(jp) wrote: NOTE: This film was recommended to me by Ryan Clevenger for "Steve Pulaski Sees It."Living in Illinois, Space Jam is a film that hits the tender spots of the last two generations; one generation that got to experience Michael Jordan's unfathomable legacy as arguably the greatest basketball player who ever lived, and the other, mine, that reflects on his legacy through highlights and documentaries to keep the memory of such an all-star alive. Jordan's legacy didn't stop at on-court talent, as he was one of the most marketed athletes of his time and helped popularize the NBA, let alone the Chicago Bulls, on a previously unforeseen international level.If we remove the nostalgia factor from Space Jam, which is a very difficult thing to do by the way, then the film serves as Jordan's versatility. After retiring from the NBA at a relatively young age to pursue a career in baseball, Jordan only became more of a fascinating person, in addition to someone with impeccable charisma. Space Jam exists as a response to Jordan's departure from the NBA to the MLB, as the Looney Tune gang of Bugs Bunny, Daffy Duck, Tweety Bird, Sylvester the Cat, Porky Pig, and Lola Bunny all call Jordan out of retirement when they challenge a group of intergalactic invaders from "Moron Mountain" to a basketball game in exchange for the planet.The Looney Tunes thing this will be an easy win, until the aliens from Moron Mountain, who are relatively puny in size and strength, find a way to steal the talents of star basketball players like Charles Barkley and Larry Johnson and become the "Monstars" of the court. Meanwhile, Jordan agrees to play for the Looney Tunes team, but it takes all of the five minutes of practice to show that the team is disproportionately talented towards Jordan. As a result, the team indulges in some aggressive training tactics to beat the Monstars and save the planet.As an amalgamation of live-action and animation, especially in an age where Pixar was coming on the scene and traditional animation was soon to be phased out, Space Jam is bright and vivid. The real-life characters of Michael Jordan, Wayne Knight, who has an amusing role, like he always does, Larry Bird, and even Bill Murray's interactions with the animated characters of Bugs Bunny and the like in a convincing, believable manner. The result is a beautifully colored and nicely executed mix of whimsy.Because both worlds of reality and animation are explored here, Space Jam has the luxury of being a film that can go beyond traditional boundaries of a sports film, and the Looney Tunes are no better characters to incite such zaniness. The animated bunch are quick-witted and ecstatic, and Jordan is clearly doing this for fun and excitement rather than a phoned-in project or another endorsement. Had Space Jam been more of a lackluster cash-in, sports fans and Jordan fans would've seen it from a mile away and dismissed the film immediately. However, because everyone involved recognizes what a zany project this is, they don't try to fight the lunacy, but instead, play along, and that provides us, the audience, with a wickedly entertaining stride into a lively sports film that is so fun you almost, almost miss the cliched underdog element.Starring: Michael Jordan, Wayne Knight, Bill Murray, and Larry Bird. Directed by: Joe Pytka.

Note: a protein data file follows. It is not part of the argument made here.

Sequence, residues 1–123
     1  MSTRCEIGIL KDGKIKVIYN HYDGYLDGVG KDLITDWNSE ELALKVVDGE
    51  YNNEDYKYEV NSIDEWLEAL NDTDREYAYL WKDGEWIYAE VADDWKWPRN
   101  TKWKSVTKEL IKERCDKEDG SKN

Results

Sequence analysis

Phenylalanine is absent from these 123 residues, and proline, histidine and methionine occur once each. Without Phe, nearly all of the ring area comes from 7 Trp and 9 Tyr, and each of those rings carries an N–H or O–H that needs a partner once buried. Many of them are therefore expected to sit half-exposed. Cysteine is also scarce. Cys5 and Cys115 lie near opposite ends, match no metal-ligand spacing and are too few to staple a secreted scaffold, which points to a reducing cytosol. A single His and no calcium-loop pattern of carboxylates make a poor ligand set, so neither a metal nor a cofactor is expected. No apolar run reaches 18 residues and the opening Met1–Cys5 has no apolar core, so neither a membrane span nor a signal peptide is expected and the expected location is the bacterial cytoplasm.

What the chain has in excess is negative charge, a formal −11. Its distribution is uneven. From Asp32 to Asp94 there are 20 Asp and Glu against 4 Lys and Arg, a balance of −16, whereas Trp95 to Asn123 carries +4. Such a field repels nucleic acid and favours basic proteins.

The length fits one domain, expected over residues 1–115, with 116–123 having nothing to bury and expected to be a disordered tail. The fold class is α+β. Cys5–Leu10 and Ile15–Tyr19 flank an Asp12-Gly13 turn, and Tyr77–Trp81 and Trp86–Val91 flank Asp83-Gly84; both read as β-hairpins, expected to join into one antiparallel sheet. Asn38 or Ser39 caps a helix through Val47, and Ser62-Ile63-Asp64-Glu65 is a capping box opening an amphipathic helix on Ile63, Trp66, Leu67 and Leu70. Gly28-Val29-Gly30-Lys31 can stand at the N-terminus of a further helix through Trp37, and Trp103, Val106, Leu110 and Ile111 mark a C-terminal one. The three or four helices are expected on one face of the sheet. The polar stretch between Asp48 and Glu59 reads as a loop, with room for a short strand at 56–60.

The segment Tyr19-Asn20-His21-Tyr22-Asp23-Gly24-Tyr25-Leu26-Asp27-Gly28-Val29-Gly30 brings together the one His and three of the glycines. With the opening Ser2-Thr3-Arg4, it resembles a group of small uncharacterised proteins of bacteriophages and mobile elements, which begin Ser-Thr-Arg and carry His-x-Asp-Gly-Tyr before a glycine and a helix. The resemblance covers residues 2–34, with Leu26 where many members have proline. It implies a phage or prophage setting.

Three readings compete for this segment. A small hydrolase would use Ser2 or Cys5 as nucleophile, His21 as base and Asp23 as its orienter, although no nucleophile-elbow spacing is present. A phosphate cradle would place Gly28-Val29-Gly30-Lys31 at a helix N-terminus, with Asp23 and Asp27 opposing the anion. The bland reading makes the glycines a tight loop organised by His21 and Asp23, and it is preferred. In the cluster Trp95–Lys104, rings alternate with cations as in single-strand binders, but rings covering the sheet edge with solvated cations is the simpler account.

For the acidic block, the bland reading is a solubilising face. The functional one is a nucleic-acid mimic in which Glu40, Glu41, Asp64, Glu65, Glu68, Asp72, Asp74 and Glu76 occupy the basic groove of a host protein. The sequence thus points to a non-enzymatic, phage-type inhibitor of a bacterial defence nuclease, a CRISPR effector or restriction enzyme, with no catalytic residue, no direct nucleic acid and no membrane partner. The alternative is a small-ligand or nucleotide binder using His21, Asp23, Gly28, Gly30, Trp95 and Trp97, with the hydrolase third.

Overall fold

(ca) wrote: Great movie for what it attempts. Unfortunately when a few people review a movie, it skews things, and even so, people are not putting it in its proper perspective and criticizing it for what it is not meant to have. This is not a movie where you should expect great realism and a polished art, so you have to see it for what it is. It is for people who like to sit back and actually enjoy a movie. A feel good movie yes, but not sappy, and there is emotion in this movie that feels real, as they express the literature through their lives and experiences they're going through. Does try hard at times, but there is more than plenty that is well done.